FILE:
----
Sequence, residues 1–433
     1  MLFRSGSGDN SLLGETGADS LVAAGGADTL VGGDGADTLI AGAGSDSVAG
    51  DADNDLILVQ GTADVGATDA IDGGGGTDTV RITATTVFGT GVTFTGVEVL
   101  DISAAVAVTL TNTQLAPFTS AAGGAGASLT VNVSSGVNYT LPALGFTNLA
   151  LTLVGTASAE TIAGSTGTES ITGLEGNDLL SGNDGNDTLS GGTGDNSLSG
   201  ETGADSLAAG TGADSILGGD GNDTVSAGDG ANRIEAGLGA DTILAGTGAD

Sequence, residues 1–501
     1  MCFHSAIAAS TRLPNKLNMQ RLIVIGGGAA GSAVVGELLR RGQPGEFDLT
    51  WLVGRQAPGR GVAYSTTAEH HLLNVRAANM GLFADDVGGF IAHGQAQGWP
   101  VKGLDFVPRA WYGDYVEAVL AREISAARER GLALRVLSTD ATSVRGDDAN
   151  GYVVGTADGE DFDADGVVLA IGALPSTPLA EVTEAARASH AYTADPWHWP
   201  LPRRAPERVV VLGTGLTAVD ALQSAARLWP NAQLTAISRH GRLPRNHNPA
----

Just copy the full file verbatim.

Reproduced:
Sequence, residues 1–433
     1  MLFRSGSGDN SLLGETGADS LVAAGGADTL VGGDGADTLI AGAGSDSVAG
    51  DADNDLILVQ GTADVGATDA IDGGGGTDTV RITATTVFGT GVTFTGVEVL
   101  DISAAVAVTL TNTQLAPFTS AAGGAGASLT VNVSSGVNYT LPALGFTNLA
   151  LTLVGTASAE TIAGSTGTES ITGLEGNDLL SGNDGNDTLS GGTGDNSLSG
   201  ETGADSLAAG TGADSILGGD GNDTVSAGDG ANRIEAGLGA DTILAGTGAD

Sequence, residues 1–501
     1  MCFHSAIAAS TRLPNKLNMQ RLIVIGGGAA GSAVVGELLR RGQPGEFDLT
    51  WLVGRQAPGR GVAYSTTAEH HLLNVRAANM GLFADDVGGF IAHGQAQGWP
   101  VKGLDFVPRA WYGDYVEAVL AREISAARER GLALRVLSTD ATSVRGDDAN
   151  GYVVGTADGE DFDADGVVLA IGALPSTPLA EVTEAARASH AYTADPWHWP
   201  LPRRAPERVV VLGTGLTAVD ALQSAARLWP NAQLTAISRH GRLPRNHNPA